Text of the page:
Ahead of the EU Withdrawal Bill returning to the Commons next week, Jonathan Edwards MP reflects on the economic slowdown and argues for the UK to maintain its place in the Single Market and Customs Union
The bad weather in the first quarter of 2018 has certainly had a dampening effect on the UK economy, but boiling it all down to the weather ignores the red, white and blue elephant in the room: it’s Brexit.
The first quarter of 2018 was characterised by low growth, a fall in business investment and the shrinking of the economy. This is tempestuous news for us all, but particularly the Brexiteers. Those who once dismissed all pre-referendum forecasts of a weakening economy as ‘project fear’ are now faced with the cold, hard facts: their Brexit utopia is shaping up to be nothing more than a bust. And it hasn’t even happened yet.
I know in Brexit Britain we don’t trust experts, but let’s look at the facts for a minute.
The UK’s GDP growth in the first quarter of 2018 was 0.1%. When you look at GDP per capita, arguably an even more crucial measure, the UK’s growth was negative. In comparison, almost all of our European neighbours enjoyed a much brighter outlook. Austria grew at 0.7%, Finland 1.1% and Spain 0.7%. In case you’re wondering: they too had bad weather.
It’s important to also look across to the Republic of Ireland, which the EU has predicted to grow by 5.7% this year. Once again, the Republic of Ireland shows Wales and Scotland just how much a country can achieve with the full powers of independence.
One reason for low growth has been the fall in business investment in the UK. This has fallen by 0.2% this quarter, but this is a fall in the already anaemic levels of investment caused by endless austerity. Now with Brexit on the horizon, businesses are not going to invest in the UK when they have little or no idea what is going on. With no clarity over the type of Brexit, and no end to the will-they-won’t-they charade over the border with Ireland, why would businesses invest further in blusterous Brexit Britannia?
And finally, the governor of the Bank of England confirmed that, as he had warned pre-referendum, the economy is 2% smaller than forecast before the Brexit vote: this is a loss of £40 billion which would have generated an additional £15 billion of tax revenue. Each household across the UK is more than £900 worse off as a direct result of voting to leave the EU.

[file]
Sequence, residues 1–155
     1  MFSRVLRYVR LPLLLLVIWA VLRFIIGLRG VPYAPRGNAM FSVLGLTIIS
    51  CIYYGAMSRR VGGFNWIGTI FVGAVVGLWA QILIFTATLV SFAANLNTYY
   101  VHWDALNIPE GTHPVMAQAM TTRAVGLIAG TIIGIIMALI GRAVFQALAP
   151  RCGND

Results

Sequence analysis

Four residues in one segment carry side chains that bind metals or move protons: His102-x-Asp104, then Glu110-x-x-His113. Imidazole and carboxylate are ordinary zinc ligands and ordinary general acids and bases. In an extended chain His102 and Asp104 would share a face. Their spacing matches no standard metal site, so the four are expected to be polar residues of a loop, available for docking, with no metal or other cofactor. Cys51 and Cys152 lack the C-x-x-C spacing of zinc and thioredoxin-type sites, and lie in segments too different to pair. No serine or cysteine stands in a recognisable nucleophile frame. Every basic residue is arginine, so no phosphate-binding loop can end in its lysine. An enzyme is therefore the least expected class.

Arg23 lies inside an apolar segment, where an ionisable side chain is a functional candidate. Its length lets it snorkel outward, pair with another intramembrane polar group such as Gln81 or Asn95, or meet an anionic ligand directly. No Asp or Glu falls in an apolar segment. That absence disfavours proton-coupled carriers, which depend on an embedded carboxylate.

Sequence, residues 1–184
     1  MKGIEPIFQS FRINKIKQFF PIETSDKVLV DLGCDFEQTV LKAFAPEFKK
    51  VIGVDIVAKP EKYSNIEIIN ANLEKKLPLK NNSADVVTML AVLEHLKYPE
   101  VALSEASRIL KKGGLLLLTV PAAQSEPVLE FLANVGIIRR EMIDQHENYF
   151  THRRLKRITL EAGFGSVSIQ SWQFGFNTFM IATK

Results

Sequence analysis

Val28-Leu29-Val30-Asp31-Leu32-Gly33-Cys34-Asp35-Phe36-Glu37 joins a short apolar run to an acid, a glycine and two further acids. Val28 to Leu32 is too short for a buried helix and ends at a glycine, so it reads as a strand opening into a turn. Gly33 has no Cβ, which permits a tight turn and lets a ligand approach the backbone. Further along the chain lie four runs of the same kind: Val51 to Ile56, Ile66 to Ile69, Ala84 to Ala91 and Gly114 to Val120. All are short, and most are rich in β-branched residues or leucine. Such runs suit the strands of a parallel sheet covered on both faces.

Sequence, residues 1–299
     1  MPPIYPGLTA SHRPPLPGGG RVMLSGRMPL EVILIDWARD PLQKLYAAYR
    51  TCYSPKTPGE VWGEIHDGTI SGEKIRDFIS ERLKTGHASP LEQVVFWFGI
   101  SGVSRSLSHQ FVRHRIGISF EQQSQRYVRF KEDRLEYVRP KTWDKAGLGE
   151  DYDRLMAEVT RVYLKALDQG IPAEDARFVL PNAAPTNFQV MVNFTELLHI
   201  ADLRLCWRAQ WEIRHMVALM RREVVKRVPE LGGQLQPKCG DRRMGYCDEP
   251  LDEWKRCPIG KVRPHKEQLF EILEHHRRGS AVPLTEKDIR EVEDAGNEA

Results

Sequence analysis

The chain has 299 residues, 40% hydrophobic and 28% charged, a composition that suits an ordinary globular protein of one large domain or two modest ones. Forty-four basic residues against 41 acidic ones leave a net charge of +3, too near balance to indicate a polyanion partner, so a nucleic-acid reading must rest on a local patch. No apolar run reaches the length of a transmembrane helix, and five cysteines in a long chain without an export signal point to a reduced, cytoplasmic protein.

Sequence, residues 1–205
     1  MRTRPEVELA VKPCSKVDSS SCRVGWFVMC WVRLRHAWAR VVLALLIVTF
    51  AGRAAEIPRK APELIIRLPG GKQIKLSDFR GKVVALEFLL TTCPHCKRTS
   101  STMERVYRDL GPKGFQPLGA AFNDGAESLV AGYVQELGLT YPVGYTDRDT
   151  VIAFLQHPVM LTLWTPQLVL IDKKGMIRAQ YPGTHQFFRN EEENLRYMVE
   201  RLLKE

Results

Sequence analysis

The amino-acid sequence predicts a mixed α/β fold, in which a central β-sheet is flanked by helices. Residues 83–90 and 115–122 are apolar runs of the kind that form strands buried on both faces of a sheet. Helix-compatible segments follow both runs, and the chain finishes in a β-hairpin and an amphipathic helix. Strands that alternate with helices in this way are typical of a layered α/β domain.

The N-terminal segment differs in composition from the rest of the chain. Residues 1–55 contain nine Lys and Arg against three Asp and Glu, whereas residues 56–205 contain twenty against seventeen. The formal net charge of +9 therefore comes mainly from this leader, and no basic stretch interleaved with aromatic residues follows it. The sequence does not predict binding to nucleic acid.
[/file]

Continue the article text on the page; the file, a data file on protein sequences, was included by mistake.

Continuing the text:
All this is happening before we have even left. Plaid Cymru has maintained since the referendum that economic uncertainty is toxic, particularly for Wales.
Misruled by successive Welsh Labour governments lacking in any ability and overlooked by its Westminster overlords, Wales is not only the poorest country in the UK, but also in Western Europe. In fact, Wales receives more than five times the UK average and almost seven times as much as England in European Regional Development Funds per person as a result of this economic mismanagement.
Oxford Economics UK Regional Forecasts have projected England and the UK as a whole to grow by 1.7% this year, while Wales is once again subject to playing catch up, with gloomy growth projections of only 1.3%.
Shackled as we are to Brexit Britain and crippled by Westminster-rule, Wales is being failed and our people are being left with less money and a poorer standard of living than our neighbours.
The fall in UK growth earlier this year was, in part, caused by a fall of 0.9% in exports at the end of 2017.
As a net exporting nation, this hits Wales harder than anywhere else. Wales exported £16.4 billion last year, 60.3% of this going to the EU. With Wales exporting more to the EU than the UK average of around 49%, according to the Cross-Whitehall Study, Wales has the most to lose from crashing out of the EU.
Leaving the Single Market and Customs Union, a “hard Brexit”, would wipe £5 billion off the Welsh economy. For a country that is already the poorest among its neighbours, Wales can’t afford this stormy outcome and neither can our people. It will be the families, businesses and farmers that will pay this price with wages dwindling and the cost of living soaring.
If Theresa May is truly committed to frictionless trade with the EU and an open border in Ireland as she claims, she must put people’s livelihoods before her bitter, blundering Brexiteers. This means staying in the Single Market and Customs Union, as Plaid Cymru has always maintained. This has served Wales well. It gives us access to the staff our NHS needs to treat our sick, and removes all barriers to trade for our food and drink and manufacturing sectors that depend on the time-critical and delay-free transfer of goods.
We can’t afford to lose it.
In 2016, the then UK Chancellor began his Spring Budget Statement reporting on an economy “set to grow faster than any other major advanced economy in the world.” This year, the current UK Chancellor confirmed in his Spring Budget Statement that the UK economy is now the slowest growing advanced economy in the world.
We’ve always had bad weather. This change is down to Brexit.
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